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After more than 50 years as Entercom Communications, the radio and podcasting company is unfurling a new banner: Effective immediately, it is changing its name to Audacy.

With the rebranding, the company also has retired the Radio.com name for its direct-to-consumer platform, which has adopted the Audacy moniker. The company’s new website is audacyinc.com.

“The name Entercom no longer fit. We’ve outgrown it,” David Field, chairman, president and CEO, said in an interview. At a high level, he said, the company needed “consistency across B2B [business-to-business] and B2C [business-to-consumer]” domains in its corporate identify.

The new name is redolent of “audio” and “audacity,” and, of course, its homonym “odyssey.” Here’s how Field described it: “‘Audacy’ captures the dynamic creativity, outstanding content and innovative spirit that fuel our forward ambitions.” The company worked with WPP’s Landor & Fitch brand consulting and design division on the rebranding, which includes a pair of new audio logos (listen at this link).

The company has evolved substantially over the last three years, Field said. In 2017, Entercom acquired CBS Radio, establishing it as the No. 2 radio broadcaster (after iHeartMedia) and giving it the Radio.com digital audio platform. In 2019, it bought podcast companies Cadence13 and Pineapple Street Studios.

Last fall, Entercom acquired sports-betting technology and analytics firm QL Gaming Group (including sports-betting app BetQL) and struck a six-year deal making FanDuel its official sportsbook partner. Earlier this month, the company bought Podcorn, a podcast influencer marketplace. And last week, it inked a multiyear pact with Irving Azoff’s Global Rights Management, allowing Audacy to add GMR’s catalog of songs across all of its platforms.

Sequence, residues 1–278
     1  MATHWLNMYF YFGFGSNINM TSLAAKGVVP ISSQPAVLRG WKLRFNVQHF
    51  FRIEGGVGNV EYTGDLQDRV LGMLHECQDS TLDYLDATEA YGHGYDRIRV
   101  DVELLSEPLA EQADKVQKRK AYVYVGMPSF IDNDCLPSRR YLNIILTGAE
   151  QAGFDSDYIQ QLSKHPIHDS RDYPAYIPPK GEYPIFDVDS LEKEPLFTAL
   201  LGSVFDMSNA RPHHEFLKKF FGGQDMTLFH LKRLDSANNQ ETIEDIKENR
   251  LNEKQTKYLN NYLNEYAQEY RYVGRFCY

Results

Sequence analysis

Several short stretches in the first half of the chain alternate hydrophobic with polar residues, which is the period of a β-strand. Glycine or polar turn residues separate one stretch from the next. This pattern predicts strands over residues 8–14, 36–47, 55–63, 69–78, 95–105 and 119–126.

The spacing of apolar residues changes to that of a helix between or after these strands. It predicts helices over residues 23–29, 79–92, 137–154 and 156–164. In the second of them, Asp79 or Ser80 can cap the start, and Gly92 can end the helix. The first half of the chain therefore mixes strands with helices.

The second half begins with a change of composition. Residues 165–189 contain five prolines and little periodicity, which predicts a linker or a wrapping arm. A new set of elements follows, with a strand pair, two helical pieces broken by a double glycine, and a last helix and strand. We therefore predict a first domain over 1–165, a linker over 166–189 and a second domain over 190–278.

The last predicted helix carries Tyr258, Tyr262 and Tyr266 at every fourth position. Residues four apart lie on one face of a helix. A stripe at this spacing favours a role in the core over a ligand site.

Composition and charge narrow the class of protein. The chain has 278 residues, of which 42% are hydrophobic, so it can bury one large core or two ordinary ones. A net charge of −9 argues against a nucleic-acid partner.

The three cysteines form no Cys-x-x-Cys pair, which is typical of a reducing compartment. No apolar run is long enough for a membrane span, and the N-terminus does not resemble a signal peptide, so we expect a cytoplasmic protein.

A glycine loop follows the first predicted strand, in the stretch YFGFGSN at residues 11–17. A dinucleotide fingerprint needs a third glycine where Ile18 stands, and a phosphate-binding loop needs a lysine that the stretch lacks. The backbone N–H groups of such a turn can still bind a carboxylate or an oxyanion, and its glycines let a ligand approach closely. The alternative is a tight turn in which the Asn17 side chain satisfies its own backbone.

“We have purposefully transformed the company over the last few years,” said Field, who has served as CEO since 2002.

While Radio.com is getting the axe, Audacy will retain Cadence13, Pineapple Street Studios, BetQL and Podcorn as market-facing brands.

Because unveiling the new Audacy name wasn’t enough, the company announced several new projects and deals. Those include an exclusive podcast deal between Cadence13 and Demi Lovato, who is the subject of the recently released four-part YouTube original documentary “Demi Lovato: Dancing With the Devil,” in which she discusses her near-fatal overdose in 2018, and is slated to release an album with the same name April 2. Lovato’s podcast for Cadence13 will be produced by OBB Media’s OBB Sound audio division and Scooter Braun’s SB Projects.

In addition, Pineapple Street Studio is bowing two original docuseries: Nina Gilden Seavey’s “My Fugitive,” releasing Tuesday, and “Stay Away From Matthew Magill” from reporter and producer Eric Mennel launching April 13. The company is also adding “The Rich Eisen Show” and an NFL “Mock Draft” podcast hosted by Tegna’s Locked On and Audacy draft experts and personalities to its sports streaming content. This summer, it plans to launch a reboot of relationship advice show “Loveline.” On the wagering front, Audacy announced a partnership with online sportsbook BetMGM.

Audacy will continue to release exclusive content available only on the Audacy app, including new digital programs by Boomer Esiason and radio personality Big Tigger, as well as new digital stations created by Audacy’s music curators and personalities.

Along with the corporate rebrand, the company’s stock ticker symbol will change from ETM to AUD “on or about” Friday, April 9, 2021. Existing shareholders don’t need to take any action with respect to the name and ticker symbol change, according to Audacy.

Audacy says it reaches more than 170 million consumers monthly across its app, website, podcasts, live music events, and 235 broadcast stations in 47 markets.

By the way, Field said the company didn’t do focus-group testing for the new name. “The meaning of the name will ultimately be imbued with our culture and our products, in the same way ‘Amazon’ or ‘Google’ or ‘Apple’ were essentially vessels for the brands they have become.”

The company’s chief rival, iHeartMedia, changed its name from Clear Channel back in 2014.